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Greenberg on Postal Service

July 11, 1988

You carried a column by Daniel S. Greenberg in which he charges that the U.S. Postal Service is "medieval," failing to modernize by neglecting research and development (Op-Ed Page, June 22). When he wrote a similar article in 1980 with some identical language, his allegations were, in large part, true. But where has "Rip Van" Greenberg been in the intervening eight years?

The Postal Service is in the midst of a massive transition from mechanization to automation for the processing of the ever-increasing volume of mail and possesses the most advanced postal technology in the world today. By next spring, all 406 of the second-generation optical character readers will have been converted to read all lines of the address and sort the mail at the rate of 27,000 to 35,000 per hour. A person can manually sort 800 pieces of mail an hour.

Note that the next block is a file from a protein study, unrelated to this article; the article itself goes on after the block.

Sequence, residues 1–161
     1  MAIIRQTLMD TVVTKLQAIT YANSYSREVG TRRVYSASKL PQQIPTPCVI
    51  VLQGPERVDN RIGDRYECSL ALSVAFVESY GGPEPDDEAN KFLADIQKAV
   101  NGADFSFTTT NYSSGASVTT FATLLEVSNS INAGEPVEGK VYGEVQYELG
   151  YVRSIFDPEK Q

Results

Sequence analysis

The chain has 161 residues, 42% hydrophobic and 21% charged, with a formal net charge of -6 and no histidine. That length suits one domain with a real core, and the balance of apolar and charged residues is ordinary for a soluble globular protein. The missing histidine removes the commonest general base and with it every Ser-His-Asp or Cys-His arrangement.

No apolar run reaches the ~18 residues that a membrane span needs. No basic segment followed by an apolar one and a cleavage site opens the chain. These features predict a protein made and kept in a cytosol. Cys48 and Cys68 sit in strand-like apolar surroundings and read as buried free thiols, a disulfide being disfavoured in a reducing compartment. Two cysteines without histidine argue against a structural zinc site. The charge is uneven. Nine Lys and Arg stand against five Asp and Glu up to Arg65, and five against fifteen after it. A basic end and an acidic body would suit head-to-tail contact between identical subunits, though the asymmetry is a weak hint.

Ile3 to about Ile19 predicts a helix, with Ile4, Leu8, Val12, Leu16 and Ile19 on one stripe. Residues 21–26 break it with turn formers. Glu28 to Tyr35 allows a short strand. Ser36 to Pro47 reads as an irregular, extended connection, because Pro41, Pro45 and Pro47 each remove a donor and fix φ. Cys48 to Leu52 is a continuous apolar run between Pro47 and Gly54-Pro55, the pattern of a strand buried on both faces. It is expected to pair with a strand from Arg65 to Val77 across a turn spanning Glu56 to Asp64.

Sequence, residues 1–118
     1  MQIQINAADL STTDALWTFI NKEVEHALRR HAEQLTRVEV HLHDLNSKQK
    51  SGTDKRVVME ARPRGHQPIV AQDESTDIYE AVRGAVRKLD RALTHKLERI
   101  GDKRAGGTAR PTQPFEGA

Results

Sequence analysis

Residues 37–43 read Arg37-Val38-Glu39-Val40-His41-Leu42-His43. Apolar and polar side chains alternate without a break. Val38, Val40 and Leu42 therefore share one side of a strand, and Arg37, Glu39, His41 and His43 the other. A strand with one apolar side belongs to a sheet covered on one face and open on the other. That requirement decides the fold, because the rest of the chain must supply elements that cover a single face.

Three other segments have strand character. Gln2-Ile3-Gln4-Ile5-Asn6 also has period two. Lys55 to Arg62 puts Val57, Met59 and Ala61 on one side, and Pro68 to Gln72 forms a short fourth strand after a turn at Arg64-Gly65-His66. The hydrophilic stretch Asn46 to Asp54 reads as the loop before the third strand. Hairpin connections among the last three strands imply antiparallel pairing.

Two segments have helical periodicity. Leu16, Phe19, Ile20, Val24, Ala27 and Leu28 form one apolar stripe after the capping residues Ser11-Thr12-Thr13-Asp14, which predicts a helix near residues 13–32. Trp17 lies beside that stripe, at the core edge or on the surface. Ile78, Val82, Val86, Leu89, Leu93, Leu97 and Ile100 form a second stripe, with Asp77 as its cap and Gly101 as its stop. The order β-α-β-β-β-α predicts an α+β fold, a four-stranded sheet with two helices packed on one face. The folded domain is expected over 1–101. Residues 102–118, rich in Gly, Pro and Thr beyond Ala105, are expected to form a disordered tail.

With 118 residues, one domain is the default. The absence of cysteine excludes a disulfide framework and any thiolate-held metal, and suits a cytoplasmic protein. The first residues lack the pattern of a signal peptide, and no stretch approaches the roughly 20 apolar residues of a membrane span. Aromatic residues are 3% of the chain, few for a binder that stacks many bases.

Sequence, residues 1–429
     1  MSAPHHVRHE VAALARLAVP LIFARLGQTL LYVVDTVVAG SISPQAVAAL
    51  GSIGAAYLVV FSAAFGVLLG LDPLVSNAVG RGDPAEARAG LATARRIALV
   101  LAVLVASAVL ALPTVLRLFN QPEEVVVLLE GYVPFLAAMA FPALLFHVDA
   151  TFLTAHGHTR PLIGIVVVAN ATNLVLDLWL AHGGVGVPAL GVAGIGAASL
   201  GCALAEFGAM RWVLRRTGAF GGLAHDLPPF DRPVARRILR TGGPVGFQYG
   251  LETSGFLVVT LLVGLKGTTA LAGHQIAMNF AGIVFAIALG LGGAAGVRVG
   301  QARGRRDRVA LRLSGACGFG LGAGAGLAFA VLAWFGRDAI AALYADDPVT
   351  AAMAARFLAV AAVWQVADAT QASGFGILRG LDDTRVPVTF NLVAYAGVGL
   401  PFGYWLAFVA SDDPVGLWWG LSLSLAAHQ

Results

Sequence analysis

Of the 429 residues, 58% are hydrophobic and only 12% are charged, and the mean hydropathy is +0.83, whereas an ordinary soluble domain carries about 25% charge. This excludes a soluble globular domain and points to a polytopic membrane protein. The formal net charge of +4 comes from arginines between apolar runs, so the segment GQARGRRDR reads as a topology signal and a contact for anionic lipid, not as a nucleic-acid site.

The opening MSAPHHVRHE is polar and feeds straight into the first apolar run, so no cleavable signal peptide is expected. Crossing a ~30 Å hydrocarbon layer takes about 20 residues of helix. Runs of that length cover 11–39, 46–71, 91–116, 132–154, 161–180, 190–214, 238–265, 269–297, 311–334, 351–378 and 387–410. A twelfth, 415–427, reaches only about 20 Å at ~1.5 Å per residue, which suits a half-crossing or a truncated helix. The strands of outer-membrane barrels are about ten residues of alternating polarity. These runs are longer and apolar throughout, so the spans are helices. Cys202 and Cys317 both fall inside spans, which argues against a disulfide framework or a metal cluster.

The list of automated equipment is extensive but let your readers understand the Postal Service is spending $757 million on automation in 1988, $830 million next year and $1 billion in 1990. This can hardly be construed as "technological backwardness." Yet he fantasizes that Benjamin Franklin would find little changed in a contemporary post office. On the contrary, Dr. Franklin, a noted innovator, would be amazed and pleased.

Perhaps not as amazed, however, as Greenberg to learn the Postal Service has had a Technology Resource Department since 1983, which is currently delving into increased use of robotics, artificial intelligence and lasers for mail processing purposes.

FRANK S. JOHNSON JR.

Assistant Postmaster General

Washington, D.C.

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